Another example of this problem is threat detection systems, which have been in the news in association with high-profile data breaches. Threat detection systems generate thousands of alerts every day, far more than IT and security teams can actually investigate. The low signal-to-noise ratio of these systems means that alerts are often ignored altogether, and actual threats are missed amidst the chaos.
Finding the signal in all that noise can be hard, and when time is of the essence, cutting through the noise can become mission-critical. If you’re sifting through garbage, the chances of finding what you need in time drop dramatically.
* Consider the motion of your data. Is the data you’re trying to analyze at rest or in flight? The answer to this question has a huge impact on how you process, view, and analyze the data, as well as the value you can derive from it.
Most big data is at rest and analyzed post hoc in batch processes that rely on indexing and parallel processing using techniques based on sharding or MapReduce. At its core, this approach is all about volume and variety, and enterprises are leveraging multiple frameworks and data stores – such as Hadoop, MongoDB and Cassandra – for a variety of structured and unstructured data. While multiple data sources provide context and insight, this approach is always going to be retrospective.
Recently, greater attention is being paid to data-in-flight as the need for greater agility and adaptability drives demand for higher velocity analysis. Imagine that you’re the CIO of a major retailer. It’s Cyber Monday and your website’s page load times are averaging more than 30 seconds. The post-hoc analysis isn’t going to save your company’s Cyber Monday. Being able to tell the CEO that it won’t happen again next year will be cold comfort.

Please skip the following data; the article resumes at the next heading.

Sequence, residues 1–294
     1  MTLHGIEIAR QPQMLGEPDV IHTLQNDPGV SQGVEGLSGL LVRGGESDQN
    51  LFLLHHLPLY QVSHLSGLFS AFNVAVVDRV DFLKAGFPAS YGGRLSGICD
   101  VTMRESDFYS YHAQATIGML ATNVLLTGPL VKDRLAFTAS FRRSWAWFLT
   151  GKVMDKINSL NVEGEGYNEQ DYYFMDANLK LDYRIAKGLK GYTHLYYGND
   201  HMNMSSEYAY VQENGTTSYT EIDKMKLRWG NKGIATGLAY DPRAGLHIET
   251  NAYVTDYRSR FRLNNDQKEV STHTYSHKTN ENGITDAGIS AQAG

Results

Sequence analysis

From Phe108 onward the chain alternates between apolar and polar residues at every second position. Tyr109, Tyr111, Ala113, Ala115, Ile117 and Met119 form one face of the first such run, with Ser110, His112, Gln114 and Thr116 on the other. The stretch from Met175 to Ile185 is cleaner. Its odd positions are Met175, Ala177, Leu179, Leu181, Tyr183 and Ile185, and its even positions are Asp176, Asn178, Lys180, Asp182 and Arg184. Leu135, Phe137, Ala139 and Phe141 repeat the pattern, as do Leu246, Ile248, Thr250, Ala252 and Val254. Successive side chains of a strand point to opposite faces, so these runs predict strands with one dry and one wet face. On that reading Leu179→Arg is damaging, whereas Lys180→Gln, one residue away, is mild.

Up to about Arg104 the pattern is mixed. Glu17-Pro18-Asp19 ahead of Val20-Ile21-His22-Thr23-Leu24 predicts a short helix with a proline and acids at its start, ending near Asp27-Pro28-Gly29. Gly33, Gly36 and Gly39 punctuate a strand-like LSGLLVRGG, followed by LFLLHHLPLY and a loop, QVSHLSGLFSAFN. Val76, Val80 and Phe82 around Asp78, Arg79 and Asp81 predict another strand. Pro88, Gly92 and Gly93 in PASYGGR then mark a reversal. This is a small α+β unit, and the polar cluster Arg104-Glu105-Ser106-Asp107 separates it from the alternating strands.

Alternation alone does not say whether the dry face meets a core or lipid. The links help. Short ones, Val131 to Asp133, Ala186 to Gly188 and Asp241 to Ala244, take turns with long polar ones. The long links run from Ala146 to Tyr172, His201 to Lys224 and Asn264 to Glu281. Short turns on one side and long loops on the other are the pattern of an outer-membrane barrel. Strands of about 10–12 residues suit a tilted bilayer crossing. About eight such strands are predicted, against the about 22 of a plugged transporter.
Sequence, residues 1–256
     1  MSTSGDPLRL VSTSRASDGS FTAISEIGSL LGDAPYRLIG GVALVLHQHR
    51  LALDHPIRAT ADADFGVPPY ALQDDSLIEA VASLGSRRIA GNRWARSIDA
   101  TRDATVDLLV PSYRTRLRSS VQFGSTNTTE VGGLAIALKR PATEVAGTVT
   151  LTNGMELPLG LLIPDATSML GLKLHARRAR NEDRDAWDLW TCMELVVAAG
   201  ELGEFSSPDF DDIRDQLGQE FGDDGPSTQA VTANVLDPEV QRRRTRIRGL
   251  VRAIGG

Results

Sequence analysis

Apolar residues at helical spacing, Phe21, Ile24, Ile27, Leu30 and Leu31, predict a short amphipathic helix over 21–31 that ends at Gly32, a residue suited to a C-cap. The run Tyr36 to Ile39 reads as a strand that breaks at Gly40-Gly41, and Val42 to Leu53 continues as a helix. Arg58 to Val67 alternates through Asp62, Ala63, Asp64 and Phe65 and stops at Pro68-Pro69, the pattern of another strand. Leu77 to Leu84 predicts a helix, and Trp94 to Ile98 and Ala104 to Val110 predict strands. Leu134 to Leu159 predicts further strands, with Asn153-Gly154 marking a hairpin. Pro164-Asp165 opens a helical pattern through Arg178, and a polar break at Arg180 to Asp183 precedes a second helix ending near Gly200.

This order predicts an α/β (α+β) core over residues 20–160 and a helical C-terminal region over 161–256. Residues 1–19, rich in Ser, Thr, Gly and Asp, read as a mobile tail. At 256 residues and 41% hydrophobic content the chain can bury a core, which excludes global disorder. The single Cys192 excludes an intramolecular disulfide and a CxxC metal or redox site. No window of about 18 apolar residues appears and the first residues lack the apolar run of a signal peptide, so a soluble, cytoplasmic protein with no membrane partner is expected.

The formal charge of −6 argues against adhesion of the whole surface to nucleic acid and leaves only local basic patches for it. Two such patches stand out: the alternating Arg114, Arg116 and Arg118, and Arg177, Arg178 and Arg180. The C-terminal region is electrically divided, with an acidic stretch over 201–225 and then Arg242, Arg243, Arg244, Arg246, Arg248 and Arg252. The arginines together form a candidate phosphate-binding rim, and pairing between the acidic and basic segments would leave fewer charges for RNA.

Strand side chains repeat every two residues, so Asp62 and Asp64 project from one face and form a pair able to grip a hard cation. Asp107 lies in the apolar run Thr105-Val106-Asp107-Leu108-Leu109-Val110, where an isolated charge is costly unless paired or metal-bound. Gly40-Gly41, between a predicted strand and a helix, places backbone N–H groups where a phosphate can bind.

If you’re that CIO, you need insight into what’s going wrong and guidance about how to fix it immediately. For these situations, high velocity data-in-flight is of paramount importance, giving IT the ability to see how systems are behaving in the moment, compare that behavior to established baselines, and drill down to find the root cause of a problem.
While data-in-flight can provide incredible value, analysis of this data requires a fundamentally different approach based on stream processing and summary metrics. In many cases, the data volume is such that it must be processed in-flight. In other cases, real-time information is more valuable, while old data is less valuable. For example, wire data is too voluminous to be stored but is extremely valuable to answer questions about what is happening in the IT environment in real time.
In the end, it’s important to remember that no single dataset or analytics framework can be all things to all people; most tools that offer a single pane of glass wind up serving nothing more than a single glass of pain. By leveraging multiple datasets as well as analytics and visualization products optimized for particular data types and goals, IT teams can achieve a complete, correlated, cross-tier view of the environment, enabling them to eliminate waste, create greater efficiency, and maximize scarce resources. This approach spells not only value for IT, but also value for the business as a whole.